• Hi Laura, thanks for your comment! I absolutely agree that the discourse around National Coming Out Day tends to hide the experience of asexual people. It’s certainly true that asexual people are gender and sexual minorities.

      I also appreciate your observation that “being out” is not a binary. Many people have collections of folks who know, collections of folks who don’t know yet, and collections of folks who won’t know. Everyone needs to draw those boundaries for themselves. –Lindsey

  2. After learning about the diversity of orientations and the spectrum of gender, I came to view the acronym LGBT as an incomplete shorthand for the whole gamut. LGBTQPIA is better, but probably still missing some (it does cover most people… unless they’re straight). QuILTBAG flows better, but it leaves out pansexuality.

    As in Laura’s experience, my experience with being out is far from binary. I’m out to two people, but no one else knows, unless, that is, they’ve figured it out independently and haven’t said anything. Maybe everyone thinks it’s obvious and I’m oblivious to their awareness. Without being more fully out, I simply can’t know.

    The past two National Coming Out Days have been an exercise in frustration. On both days, I’ve been with small numbers of people whom I’ve been ready to tell, but the conversation never went anywhere near the topic. I can’t see myself saying “hey everyone, by the way, I’m gay!” in the middle of a conversation about video games or science or the other nerdy stuff that my friends and I discuss. You’ll probably never see me come out publicly on Facebook. But if someone were to ask when I’m going to settle down and find a girlfriend, at this point, my coming out constipation is so bad that I’d be overjoyed to answer honestly.

    • Thanks for sharing your experience LJ. Many people struggle with finding a way to bring up the topic in general, especially if they are single. Some people have friends where conversation constantly drifts naturally to questions of sexual orientation, while other people have friends where conversation never is close to sexual orientation.

      When I was first coming out, I started talking with other Christian friends. It was clumsy and awkward at first. I don’t know how many friends I lost by handling the LGBT questions in the “wrong” way. But I have more than a handful of friends who have walked with me nearly every step of my journey. I’m so grateful.

      May God grant you wisdom! -Lindsey

  3. Thanks for sharing your reflection and lending this space for NCOD thoughts. “It’s complicated” does sum it up nicely. Where I’ve grown up and live now, gender identity awareness has lagged sexual orientation awareness by 15 years or so, at least by my non-professional reckoning. They tend to be regarded as two separate things a lot of times, and I can understand why that happens and can work. For me gender identity and sexual orientation are tied together tight, rhythm and melody. When I came of age I tackled questions I had about my sexual orientation absolutely head on, trying to pound it flat, availing myself of every resource I could reasonably lay my hands on. I did that because sexual orientation was in the cross hairs, an occasion for sin. Gender was a given, cut and dried, not up for discussion, certainly not an identity to be nuanced. Over the years one could say I’ve been refactoring my understanding of those two aspects of my life along with my faith and beliefs, self understanding in general. It’s by no means been a progression. Laura captures the experience of where I am now nicely.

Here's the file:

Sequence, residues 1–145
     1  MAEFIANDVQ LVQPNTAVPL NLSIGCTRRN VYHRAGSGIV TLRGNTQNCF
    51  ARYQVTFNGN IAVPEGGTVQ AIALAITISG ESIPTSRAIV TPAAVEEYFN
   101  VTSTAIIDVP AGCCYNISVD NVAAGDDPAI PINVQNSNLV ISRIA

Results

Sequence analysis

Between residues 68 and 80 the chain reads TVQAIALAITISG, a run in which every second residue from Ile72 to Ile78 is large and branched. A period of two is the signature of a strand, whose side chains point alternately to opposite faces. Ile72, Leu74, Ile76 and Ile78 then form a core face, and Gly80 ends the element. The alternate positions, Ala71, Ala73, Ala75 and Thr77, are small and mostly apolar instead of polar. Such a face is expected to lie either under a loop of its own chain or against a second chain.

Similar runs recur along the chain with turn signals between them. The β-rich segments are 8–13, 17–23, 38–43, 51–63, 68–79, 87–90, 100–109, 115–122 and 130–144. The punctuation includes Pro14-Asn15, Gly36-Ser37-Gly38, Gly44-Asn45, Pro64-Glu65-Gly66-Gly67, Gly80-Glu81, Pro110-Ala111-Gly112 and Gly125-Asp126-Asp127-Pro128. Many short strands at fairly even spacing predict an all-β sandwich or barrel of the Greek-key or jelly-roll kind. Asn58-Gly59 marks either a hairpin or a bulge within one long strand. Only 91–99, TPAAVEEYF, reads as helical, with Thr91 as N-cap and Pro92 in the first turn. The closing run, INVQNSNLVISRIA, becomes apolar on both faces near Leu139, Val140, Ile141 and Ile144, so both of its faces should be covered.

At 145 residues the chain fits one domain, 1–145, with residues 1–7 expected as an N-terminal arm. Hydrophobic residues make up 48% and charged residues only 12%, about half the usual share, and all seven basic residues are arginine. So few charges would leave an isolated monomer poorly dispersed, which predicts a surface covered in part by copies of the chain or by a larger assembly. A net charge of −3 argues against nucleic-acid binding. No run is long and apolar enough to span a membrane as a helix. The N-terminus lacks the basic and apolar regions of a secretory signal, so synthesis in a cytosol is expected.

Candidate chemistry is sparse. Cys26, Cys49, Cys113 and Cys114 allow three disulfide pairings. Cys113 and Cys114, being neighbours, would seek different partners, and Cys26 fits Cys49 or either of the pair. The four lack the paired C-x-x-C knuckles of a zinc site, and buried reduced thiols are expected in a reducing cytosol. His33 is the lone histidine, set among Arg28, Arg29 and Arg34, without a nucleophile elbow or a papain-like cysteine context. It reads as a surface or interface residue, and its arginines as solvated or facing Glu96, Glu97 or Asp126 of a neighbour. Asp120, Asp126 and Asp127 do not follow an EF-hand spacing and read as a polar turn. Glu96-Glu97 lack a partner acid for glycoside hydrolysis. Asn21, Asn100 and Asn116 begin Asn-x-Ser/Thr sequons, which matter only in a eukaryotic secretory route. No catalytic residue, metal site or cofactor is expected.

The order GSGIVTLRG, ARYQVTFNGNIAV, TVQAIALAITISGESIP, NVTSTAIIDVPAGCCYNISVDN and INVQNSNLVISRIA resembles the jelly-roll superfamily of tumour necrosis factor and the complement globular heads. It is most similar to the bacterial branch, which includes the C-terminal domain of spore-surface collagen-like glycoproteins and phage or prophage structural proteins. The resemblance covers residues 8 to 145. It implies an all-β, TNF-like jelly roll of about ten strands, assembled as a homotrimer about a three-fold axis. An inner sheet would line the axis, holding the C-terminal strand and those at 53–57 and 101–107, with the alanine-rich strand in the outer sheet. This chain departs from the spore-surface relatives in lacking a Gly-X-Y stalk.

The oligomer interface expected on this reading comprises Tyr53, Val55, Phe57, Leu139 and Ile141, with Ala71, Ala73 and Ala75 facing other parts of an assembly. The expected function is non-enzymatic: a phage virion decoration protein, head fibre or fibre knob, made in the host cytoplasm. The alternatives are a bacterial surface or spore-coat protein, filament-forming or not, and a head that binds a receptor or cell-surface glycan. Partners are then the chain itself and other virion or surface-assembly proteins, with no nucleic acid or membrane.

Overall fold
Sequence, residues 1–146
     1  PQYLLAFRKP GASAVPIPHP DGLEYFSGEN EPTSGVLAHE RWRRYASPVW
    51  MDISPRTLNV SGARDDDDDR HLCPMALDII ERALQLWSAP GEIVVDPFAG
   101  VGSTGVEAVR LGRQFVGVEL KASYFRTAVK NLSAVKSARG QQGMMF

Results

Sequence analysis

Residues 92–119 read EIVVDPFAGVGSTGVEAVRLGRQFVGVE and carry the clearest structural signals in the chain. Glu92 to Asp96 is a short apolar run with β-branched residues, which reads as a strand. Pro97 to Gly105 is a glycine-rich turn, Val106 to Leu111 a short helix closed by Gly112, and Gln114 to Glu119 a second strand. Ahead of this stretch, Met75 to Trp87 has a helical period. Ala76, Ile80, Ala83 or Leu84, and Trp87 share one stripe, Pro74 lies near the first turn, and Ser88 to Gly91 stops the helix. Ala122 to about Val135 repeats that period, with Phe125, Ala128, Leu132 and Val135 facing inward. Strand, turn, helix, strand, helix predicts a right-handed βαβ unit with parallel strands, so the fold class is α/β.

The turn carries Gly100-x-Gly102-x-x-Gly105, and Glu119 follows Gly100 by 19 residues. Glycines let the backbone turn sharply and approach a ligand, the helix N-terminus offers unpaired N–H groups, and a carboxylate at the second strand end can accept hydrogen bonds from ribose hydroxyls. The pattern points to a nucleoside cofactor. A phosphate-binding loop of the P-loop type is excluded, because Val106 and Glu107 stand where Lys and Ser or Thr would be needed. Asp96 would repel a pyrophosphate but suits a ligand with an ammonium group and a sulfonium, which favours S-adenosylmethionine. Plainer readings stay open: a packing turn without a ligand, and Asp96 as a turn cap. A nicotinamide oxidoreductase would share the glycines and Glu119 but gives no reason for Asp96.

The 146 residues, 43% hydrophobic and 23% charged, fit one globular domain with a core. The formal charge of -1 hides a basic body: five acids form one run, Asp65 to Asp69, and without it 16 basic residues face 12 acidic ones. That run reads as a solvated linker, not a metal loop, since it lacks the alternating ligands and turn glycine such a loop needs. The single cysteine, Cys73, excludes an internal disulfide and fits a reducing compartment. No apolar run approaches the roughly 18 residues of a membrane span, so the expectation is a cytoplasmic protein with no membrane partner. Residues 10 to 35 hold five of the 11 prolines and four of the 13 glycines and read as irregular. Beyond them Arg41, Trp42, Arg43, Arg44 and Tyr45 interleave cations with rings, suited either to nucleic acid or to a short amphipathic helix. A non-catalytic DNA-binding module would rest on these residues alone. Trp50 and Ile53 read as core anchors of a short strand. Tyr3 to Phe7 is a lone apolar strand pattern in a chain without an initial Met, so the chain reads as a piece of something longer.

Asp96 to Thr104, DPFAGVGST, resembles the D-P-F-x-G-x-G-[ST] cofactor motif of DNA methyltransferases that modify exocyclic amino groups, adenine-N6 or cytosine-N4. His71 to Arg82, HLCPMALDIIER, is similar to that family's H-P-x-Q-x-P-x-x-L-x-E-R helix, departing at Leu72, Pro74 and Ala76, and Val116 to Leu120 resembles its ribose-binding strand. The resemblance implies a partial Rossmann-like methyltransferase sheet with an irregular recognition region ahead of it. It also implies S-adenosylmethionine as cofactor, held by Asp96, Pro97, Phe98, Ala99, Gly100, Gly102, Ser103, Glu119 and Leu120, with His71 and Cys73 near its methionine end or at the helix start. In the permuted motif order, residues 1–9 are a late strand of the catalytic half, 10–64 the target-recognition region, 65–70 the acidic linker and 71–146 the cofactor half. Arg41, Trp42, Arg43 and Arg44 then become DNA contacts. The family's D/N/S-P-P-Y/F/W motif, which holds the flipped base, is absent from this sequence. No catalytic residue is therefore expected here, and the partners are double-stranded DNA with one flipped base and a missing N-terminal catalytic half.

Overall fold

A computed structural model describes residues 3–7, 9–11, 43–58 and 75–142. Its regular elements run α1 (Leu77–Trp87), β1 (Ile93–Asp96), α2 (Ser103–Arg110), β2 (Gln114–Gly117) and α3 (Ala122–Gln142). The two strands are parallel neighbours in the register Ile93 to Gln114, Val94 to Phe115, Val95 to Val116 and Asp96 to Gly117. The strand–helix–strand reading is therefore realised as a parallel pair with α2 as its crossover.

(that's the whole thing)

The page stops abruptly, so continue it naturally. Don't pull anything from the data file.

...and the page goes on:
I’m glad that NCOD exists. One of my friends at work used that day to come out, pretty much all at once, some years ago, and it was a really good experience for him. At work we’re hosting a coming out at work event, a discussion of people’s experiences with that. It’s under the auspices of NCOD. I know more people who feel there’s too much pressure for that being ‘the day’ and just find the right time to bring up their experience explicitly.

    • Hi Kacy, the conversation about sexual orientation does seem to be in a very different place than the conversation about gender identity. It will be interesting to see how the public discourse about gender identity continues to develop. -Lindsey

  4. You’re doing a great job with this blog.

    As for the topic at hand… I came out about a year ago. At the time, I came out as “gay” without really knowing what that was supposed to mean for me. I just felt that I had gone through life for too long acting out the masculine script that my evangelical upbringing said was right for me. I was tired of living a lie, and was ready to start looking for the truth. It’s been a great year.

    After coming out, I was initially struck by how few gender scripts our culture permits. I knew that I didn’t really fit comfortably within the traditional masculine script, but I didn’t seem to fit into the gay script either. Sexuality is just a lot more complex than we make it out to be. The available categories just don’t do it justice.

    I’m not sure that creating more categories necessarily answers the question, though. We need to take time to figure out what makes us tick and to look for relationships that are a fit. This may take some experimenting. Although I tend to be aesthetically attracted to men, I found that I’m more attracted to women at an interpersonal level. I hadn’t really recognized that before because I was too busy trying to conform to the straight male script. Once I abandoned the script, I had a lot more freedom to be honest with myself and to experiment. I dated both men and women, and learned that I generally prefer the company of women. The interpersonal connection was more fulfilling to me than the aesthetic connection. Does this mean that I came out as gay only to discover that I’m straight? Hardly. Coming out freed me from a narrow script that negated my humanity and brought me nothing but despair.

    • Hi Ryan, you’ve done a great job with your comment!

      One thing that I’ve noticed about scripts is that I tend to gravitate towards people who give others space to define what words mean. One person might use “gay” as shorthand for “I’m a man who enjoys having sex with other men” while another person uses “gay” as shorthand for “experiencing a considerable degree of otherness related to how I perceive beauty.” Freedom to ask questions can go a long way in helping people discern why they use the words they use. -Lindsey

  5. Pingback: Is “Gay” Just Another Adjective? - Crisis Magazine